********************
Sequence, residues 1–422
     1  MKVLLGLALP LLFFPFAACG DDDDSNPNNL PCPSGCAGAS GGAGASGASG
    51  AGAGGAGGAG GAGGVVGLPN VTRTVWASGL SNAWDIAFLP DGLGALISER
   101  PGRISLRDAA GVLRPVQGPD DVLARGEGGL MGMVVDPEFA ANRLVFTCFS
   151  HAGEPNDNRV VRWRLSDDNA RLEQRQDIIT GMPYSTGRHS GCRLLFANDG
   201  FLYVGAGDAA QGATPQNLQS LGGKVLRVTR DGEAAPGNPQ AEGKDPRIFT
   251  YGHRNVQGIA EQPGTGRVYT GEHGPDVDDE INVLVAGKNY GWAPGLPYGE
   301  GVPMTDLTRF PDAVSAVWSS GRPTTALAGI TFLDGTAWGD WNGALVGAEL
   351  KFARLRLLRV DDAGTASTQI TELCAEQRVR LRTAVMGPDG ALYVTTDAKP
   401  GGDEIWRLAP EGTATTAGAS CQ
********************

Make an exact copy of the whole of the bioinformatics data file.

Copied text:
Sequence, residues 1–422
     1  MKVLLGLALP LLFFPFAACG DDDDSNPNNL PCPSGCAGAS GGAGASGASG
    51  AGAGGAGGAG GAGGVVGLPN VTRTVWASGL SNAWDIAFLP DGLGALISER
   101  PGRISLRDAA GVLRPVQGPD DVLARGEGGL MGMVVDPEFA ANRLVFTCFS
   151  HAGEPNDNRV VRWRLSDDNA RLEQRQDIIT GMPYSTGRHS GCRLLFANDG
   201  FLYVGAGDAA QGATPQNLQS LGGKVLRVTR DGEAAPGNPQ AEGKDPRIFT
   251  YGHRNVQGIA EQPGTGRVYT GEHGPDVDDE INVLVAGKNY GWAPGLPYGE
   301  GVPMTDLTRF PDAVSAVWSS GRPTTALAGI TFLDGTAWGD WNGALVGAEL
   351  KFARLRLLRV DDAGTASTQI TELCAEQRVR LRTAVMGPDG ALYVTTDAKP
   401  GGDEIWRLAP EGTATTAGAS CQ